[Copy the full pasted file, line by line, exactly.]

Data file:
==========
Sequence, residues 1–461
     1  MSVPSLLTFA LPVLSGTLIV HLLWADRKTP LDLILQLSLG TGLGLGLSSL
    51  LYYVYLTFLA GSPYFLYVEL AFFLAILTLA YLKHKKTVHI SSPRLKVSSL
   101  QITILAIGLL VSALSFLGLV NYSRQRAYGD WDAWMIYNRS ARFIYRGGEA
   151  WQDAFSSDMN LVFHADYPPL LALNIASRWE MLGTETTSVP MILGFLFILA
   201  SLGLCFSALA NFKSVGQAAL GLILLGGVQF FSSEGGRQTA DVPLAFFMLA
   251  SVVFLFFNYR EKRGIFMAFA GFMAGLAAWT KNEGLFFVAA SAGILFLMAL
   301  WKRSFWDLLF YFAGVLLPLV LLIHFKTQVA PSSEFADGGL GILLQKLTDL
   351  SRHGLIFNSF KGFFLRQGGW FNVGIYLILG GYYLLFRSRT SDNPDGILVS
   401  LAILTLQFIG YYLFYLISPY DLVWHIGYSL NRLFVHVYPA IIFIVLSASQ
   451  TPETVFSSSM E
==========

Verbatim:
Sequence, residues 1–461
     1  MSVPSLLTFA LPVLSGTLIV HLLWADRKTP LDLILQLSLG TGLGLGLSSL
    51  LYYVYLTFLA GSPYFLYVEL AFFLAILTLA YLKHKKTVHI SSPRLKVSSL
   101  QITILAIGLL VSALSFLGLV NYSRQRAYGD WDAWMIYNRS ARFIYRGGEA
   151  WQDAFSSDMN LVFHADYPPL LALNIASRWE MLGTETTSVP MILGFLFILA
   201  SLGLCFSALA NFKSVGQAAL GLILLGGVQF FSSEGGRQTA DVPLAFFMLA
   251  SVVFLFFNYR EKRGIFMAFA GFMAGLAAWT KNEGLFFVAA SAGILFLMAL
   301  WKRSFWDLLF YFAGVLLPLV LLIHFKTQVA PSSEFADGGL GILLQKLTDL
   351  SRHGLIFNSF KGFFLRQGGW FNVGIYLILG GYYLLFRSRT SDNPDGILVS
   401  LAILTLQFIG YYLFYLISPY DLVWHIGYSL NRLFVHVYPA IIFIVLSASQ
   451  TPETVFSSSM E